Annie Easley was a computer scientist, rocket scientist, and mathematician based in America. She worked for the Lewis Research Center, which is now Glenn Research Center of the National Aeronautics and Space Administration. She also worked for NASA’s predecessor-the National Advisory Committee for Aeronautics as a leading member. During her leadership at NACA, the Centaur rocket stage-the first Africans-Americans software to work at NASA was developed.
She was a brilliant mathematician and computer scientist who joined the United States Navy and became a rear admiral. She pioneered computer technology and was an accomplished computer programmer.
Katherine Johnson was an American mathematician and physicist. She was one of the NASA/NACA “human computers”. The first woman in the NASA Flight Research Division to receive author credit on a scientific paper. Awarded the Presidential Medal of Freedom and the Congressional Gold Medal, among many other awards, including a NASA facility named after her.
Kathleen 'Kay' McNulty Mauchly Antonelli, born in Donegal, where our lovely Lottie HQ is based, is one of six original computer programmers of ENIAC, the first electric, general-purpose computer.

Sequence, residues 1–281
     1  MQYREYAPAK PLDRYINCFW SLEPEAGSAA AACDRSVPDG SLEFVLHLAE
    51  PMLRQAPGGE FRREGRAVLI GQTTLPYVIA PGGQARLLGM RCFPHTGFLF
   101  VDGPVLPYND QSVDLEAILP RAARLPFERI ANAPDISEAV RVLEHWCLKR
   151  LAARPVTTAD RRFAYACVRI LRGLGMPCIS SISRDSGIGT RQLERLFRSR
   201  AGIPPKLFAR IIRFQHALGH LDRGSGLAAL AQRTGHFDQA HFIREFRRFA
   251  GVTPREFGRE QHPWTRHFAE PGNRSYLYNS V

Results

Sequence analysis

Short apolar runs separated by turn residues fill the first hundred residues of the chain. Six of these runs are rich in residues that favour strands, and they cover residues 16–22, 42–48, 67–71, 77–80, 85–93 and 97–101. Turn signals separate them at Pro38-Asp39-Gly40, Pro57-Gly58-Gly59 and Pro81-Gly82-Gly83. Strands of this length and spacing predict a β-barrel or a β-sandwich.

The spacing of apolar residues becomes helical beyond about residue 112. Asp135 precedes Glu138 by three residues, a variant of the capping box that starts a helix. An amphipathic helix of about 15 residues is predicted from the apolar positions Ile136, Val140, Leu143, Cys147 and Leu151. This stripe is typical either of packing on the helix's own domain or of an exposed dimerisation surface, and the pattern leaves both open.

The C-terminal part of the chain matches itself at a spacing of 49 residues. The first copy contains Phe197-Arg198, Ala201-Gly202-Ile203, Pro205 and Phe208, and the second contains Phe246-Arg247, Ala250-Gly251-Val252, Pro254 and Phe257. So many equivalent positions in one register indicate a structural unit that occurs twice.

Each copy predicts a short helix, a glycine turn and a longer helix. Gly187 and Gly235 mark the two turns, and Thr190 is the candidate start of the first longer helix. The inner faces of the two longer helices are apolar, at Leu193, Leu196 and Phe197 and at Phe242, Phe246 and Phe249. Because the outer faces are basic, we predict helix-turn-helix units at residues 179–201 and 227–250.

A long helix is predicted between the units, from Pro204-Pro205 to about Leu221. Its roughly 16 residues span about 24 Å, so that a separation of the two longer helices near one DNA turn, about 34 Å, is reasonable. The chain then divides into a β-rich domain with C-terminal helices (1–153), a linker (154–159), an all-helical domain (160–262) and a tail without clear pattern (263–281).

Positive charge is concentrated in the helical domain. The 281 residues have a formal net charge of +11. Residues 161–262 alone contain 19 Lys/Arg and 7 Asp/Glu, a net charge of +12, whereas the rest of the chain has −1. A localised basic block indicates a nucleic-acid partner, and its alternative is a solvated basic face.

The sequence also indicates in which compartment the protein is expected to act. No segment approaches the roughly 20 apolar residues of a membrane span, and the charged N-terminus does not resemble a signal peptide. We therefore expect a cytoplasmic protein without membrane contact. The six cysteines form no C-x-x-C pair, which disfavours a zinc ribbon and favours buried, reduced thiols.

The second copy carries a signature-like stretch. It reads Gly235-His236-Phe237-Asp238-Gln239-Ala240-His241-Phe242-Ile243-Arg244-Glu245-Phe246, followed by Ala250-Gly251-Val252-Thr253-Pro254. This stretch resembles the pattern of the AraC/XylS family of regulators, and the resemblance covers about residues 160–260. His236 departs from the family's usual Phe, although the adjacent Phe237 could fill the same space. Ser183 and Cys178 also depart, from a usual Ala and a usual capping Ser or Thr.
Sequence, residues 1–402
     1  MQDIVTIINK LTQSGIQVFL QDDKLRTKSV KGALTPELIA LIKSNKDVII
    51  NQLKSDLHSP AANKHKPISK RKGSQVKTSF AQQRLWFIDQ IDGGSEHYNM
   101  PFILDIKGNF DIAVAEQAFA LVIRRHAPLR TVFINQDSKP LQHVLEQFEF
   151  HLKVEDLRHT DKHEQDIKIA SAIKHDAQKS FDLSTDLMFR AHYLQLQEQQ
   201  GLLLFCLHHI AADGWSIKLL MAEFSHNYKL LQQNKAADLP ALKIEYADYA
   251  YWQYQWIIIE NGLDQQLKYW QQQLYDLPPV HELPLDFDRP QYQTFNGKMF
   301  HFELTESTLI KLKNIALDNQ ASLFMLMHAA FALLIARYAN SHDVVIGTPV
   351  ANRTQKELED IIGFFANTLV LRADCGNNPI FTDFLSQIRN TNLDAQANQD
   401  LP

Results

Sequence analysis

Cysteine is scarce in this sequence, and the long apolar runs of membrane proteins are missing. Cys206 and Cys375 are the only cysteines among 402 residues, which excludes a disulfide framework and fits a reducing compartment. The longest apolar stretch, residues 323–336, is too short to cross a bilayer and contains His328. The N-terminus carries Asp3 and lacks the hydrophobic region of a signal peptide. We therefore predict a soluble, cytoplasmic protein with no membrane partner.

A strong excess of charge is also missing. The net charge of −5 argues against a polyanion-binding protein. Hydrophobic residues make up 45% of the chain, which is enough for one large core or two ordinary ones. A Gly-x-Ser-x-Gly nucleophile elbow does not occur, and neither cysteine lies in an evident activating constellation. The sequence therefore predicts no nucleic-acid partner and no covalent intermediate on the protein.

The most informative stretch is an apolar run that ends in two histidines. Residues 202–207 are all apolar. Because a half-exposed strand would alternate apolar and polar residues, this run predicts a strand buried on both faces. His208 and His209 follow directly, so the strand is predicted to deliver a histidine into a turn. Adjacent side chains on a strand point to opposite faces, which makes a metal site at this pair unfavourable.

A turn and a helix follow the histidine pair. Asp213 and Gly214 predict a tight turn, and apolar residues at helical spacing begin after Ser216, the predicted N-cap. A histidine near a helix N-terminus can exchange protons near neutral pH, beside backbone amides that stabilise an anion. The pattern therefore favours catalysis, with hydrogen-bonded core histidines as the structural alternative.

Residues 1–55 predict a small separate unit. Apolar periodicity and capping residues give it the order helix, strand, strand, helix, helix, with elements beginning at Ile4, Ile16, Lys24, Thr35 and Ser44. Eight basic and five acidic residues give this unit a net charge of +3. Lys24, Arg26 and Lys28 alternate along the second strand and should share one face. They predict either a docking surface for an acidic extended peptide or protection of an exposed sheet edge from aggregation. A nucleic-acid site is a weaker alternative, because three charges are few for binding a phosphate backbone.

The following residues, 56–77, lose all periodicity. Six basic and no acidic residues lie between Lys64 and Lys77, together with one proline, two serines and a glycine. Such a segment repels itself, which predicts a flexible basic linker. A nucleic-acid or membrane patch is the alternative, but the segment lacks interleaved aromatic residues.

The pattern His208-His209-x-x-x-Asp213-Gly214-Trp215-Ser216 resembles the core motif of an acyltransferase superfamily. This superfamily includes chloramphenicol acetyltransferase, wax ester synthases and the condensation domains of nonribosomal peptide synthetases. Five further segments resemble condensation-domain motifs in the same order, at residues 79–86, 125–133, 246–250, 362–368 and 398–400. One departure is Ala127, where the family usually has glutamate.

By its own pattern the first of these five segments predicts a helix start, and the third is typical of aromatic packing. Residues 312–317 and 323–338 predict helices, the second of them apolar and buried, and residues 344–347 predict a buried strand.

Kathleen was a pioneer of the computer revolution, and one of the original programmers of the first electronic computer, ENIAC. She was born in Cresslough in 1921, and moved to Pennsylvania, in the United States with her family when she was a young child. After graduating school she attended Chestnut Hill College for Women, taking every available maths course the college offered! She graduated with a Degree in Mathematics in 1942.
Hypatia, also spelled Ipazia, was a Greek mathematician. She lived during the fourth and fifth Centuries in Alexandria, Egypt. She taught philosophy and astronomy, the motion of planets, the number theory and conic sections at the Neoplatonic School in Alexandria.
Ada Lovelace is the world’s first computer programmer. She was the first person to write a program - a series of commands that Charles Babbage’s mechanical computer could use to do complicated calculations. Ada believed machines could do more than just math and correctly predicted many of their future uses, such as creating graphics and music.
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